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    Heh. He added overlay information to the first video indicating that he wasn't using his normal audio equipment to capture the sound, like a disclaimer that the audio might have been worse. The second video had worse audio though, with heavy reproduction of vowels but poor recording of consonants, presumably even though he was using his normal audio setup, and the third video seemed to have similar problems for portions. It improved around 2:05 on the last video though.

    Another issue with his terminology, he's using "shotgun" a bit more generically than it may be used by others. Normally terms like "cardioid", "supercardioid", and "hypercardioid" actually are used by equipment manufacturers to describe their pickup characteristics, while "shotgun" might be used for a particular ultra-cardioid pattern.

    Frankly I would look to people that specialize in sound for my education more than I'd look to someone whose primary focus is visual. Audio has been recorded for a very long time and in widely diverse conditions, and there are volumes of information on proper mic setups for different conditions, both where the mics can be seen and where the mics must be concealed. Clearly the application matters, someone doing man-on-the-street interviews has different needs than someone attempting to record a dramatic performance, and both would have different needs than someone recording a live musical performance. Additionally the amount of equipment that must be carted around and the timeliness of producing a final video very much count. Someone doing a live broadcast in challenging conditions isn't necessarily going to cart-in extra audio equipment or going to independently record the audio separate from the video to later combine in post, and someone creating something like a commemorative video for an even with the goal of selling that video to attendees prior to their leaving at the end of said event likewise may have to make sacrifices in order to get the final product done in the time allowed.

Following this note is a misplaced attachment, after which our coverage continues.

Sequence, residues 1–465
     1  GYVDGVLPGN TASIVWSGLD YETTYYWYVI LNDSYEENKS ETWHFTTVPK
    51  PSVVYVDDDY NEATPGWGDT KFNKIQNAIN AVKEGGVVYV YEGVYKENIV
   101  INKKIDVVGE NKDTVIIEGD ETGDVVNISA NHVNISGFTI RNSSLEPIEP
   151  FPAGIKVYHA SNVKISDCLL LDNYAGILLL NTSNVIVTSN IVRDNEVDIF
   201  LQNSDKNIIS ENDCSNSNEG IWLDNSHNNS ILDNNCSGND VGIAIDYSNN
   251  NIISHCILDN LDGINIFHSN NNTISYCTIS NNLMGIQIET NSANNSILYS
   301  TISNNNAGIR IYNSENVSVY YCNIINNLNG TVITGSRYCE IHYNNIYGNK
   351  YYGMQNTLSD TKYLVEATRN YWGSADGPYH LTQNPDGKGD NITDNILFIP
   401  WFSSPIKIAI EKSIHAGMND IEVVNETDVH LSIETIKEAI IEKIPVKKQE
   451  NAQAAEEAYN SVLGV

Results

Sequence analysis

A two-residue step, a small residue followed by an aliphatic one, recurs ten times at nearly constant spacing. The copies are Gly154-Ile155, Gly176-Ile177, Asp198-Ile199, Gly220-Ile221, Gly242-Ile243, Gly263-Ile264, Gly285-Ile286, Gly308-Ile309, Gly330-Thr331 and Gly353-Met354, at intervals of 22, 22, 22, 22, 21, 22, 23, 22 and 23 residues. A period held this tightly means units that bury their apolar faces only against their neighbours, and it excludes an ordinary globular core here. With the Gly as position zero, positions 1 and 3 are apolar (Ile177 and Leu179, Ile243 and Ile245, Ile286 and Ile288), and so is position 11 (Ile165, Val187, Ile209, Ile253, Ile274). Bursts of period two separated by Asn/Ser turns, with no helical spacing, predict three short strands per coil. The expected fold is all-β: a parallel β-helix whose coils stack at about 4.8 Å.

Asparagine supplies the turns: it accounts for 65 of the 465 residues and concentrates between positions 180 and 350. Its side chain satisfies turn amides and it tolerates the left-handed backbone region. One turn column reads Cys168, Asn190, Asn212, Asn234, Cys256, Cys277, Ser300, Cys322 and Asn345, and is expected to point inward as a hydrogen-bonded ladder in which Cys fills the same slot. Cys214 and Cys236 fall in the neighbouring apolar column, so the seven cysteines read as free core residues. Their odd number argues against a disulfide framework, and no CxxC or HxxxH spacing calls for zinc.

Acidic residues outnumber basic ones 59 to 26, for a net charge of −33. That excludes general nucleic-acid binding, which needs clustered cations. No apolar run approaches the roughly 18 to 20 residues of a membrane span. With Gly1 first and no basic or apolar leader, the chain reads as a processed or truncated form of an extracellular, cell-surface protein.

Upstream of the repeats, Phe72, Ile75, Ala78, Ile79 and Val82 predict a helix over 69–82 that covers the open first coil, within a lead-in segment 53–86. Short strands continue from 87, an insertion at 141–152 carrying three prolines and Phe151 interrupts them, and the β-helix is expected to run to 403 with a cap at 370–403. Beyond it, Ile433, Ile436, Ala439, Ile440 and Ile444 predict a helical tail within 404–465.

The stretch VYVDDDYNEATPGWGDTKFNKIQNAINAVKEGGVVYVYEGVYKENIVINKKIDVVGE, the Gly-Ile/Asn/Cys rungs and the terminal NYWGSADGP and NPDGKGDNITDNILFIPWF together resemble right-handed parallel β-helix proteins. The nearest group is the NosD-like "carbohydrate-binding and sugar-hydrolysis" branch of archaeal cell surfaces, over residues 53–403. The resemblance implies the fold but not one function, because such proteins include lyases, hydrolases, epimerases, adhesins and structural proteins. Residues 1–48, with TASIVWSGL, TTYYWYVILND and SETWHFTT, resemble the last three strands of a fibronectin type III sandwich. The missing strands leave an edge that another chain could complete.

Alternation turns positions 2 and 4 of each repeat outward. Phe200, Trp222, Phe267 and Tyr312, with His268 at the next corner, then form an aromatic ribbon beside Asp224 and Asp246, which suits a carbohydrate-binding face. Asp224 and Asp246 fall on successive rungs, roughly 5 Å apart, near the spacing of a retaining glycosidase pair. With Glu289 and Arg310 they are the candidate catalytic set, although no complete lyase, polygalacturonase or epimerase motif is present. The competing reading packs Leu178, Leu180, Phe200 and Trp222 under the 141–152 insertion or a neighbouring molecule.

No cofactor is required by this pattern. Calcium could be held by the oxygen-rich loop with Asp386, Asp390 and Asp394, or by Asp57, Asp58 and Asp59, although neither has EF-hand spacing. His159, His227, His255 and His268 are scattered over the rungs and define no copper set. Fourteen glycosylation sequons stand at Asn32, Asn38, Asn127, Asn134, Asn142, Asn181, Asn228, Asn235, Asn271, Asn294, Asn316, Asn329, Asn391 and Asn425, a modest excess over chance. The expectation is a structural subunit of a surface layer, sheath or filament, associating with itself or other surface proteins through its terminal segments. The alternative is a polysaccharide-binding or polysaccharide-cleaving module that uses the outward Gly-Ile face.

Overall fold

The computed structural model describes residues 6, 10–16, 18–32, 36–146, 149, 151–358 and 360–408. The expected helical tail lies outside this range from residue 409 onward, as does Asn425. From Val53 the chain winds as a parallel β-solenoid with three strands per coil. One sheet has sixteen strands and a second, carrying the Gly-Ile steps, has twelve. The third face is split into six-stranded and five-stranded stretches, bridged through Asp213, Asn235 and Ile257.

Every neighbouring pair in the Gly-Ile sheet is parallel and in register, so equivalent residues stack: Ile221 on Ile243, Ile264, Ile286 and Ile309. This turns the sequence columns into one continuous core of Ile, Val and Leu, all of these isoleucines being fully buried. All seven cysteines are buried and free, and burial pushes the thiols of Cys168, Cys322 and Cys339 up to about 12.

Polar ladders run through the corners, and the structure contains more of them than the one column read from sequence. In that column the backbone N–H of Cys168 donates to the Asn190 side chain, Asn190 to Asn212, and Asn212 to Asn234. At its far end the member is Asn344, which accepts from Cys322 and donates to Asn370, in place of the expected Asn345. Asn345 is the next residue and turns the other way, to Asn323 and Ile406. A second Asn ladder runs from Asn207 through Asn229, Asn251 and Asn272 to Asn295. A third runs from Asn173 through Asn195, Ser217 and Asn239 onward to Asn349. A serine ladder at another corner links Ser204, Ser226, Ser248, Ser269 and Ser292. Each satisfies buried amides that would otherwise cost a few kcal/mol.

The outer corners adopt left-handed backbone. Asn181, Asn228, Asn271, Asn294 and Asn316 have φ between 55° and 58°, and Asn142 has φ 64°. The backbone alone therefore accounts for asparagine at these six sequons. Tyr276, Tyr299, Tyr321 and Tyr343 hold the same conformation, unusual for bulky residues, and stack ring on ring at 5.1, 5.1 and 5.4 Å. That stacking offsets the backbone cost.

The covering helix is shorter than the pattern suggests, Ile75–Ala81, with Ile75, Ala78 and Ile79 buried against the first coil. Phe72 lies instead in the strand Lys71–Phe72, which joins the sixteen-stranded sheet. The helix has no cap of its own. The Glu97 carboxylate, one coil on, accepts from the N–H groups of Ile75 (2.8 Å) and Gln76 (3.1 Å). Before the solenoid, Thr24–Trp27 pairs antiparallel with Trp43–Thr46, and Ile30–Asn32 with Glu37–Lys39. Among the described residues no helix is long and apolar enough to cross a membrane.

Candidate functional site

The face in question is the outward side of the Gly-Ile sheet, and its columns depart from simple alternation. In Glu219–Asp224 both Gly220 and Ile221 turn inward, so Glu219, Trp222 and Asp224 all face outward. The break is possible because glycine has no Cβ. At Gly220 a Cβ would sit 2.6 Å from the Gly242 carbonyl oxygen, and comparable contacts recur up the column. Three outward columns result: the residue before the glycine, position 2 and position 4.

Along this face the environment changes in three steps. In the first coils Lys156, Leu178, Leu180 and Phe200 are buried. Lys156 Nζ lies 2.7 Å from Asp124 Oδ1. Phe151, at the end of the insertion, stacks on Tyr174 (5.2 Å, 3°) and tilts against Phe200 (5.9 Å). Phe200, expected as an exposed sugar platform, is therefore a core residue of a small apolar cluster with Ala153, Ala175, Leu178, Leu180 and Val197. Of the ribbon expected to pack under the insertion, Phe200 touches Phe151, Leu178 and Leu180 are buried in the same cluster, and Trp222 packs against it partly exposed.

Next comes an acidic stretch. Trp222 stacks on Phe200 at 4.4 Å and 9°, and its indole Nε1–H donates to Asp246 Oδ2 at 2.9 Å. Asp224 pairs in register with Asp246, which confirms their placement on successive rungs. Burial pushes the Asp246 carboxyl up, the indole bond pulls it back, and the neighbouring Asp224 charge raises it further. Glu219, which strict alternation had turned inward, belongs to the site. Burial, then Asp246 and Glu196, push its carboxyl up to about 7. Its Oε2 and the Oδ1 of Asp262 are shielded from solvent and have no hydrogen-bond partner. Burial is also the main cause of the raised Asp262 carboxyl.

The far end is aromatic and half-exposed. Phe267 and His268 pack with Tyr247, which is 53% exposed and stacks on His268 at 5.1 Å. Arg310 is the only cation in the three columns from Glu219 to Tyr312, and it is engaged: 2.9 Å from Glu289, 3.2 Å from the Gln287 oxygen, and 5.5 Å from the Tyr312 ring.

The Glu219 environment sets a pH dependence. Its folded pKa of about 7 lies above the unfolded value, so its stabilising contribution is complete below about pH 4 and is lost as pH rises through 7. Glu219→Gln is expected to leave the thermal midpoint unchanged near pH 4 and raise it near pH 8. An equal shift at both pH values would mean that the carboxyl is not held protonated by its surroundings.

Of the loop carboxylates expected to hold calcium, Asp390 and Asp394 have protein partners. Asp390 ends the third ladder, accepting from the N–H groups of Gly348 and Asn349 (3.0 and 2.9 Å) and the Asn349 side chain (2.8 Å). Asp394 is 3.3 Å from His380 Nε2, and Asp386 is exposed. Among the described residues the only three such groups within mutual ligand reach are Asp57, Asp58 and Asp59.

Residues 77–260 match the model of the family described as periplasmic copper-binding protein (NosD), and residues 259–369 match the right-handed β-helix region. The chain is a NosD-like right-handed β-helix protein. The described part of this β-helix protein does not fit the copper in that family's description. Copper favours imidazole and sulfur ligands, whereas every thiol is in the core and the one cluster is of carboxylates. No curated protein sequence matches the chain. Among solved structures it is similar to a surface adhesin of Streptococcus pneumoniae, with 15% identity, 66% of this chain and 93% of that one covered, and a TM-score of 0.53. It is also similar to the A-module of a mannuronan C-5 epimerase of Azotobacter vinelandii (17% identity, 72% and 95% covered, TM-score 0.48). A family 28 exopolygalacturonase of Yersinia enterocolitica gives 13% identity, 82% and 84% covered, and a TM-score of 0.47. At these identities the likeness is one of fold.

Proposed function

I broke-out the Sony hypercardioid mic that I occasionally use from storage because I realized filming my child on the playground that I was picking up on the built-in camera mics the conversations of people around me that weren't even in-frame. I didn't want to hear these peoples' personal conversations, and I found the quality of the audio recorded from that mic straight into the video was adequate for my purposes. Even though I have an external balanced-to-unbalanced processor, my mic's internal battery providing phantom power is enough with a short unbalanced cable to function decently enough for my purposes. If I were recording for other purposes I might well need different equipment, but just about any quality microphone will be an improvement over in-camera mics. Unfortunately trial and error might be the best teacher even as expensive as it is, just because of the diverse possible settings and activities.
     
  4. VidThreeNorth

    VidThreeNorth No longer a newbie, moving up!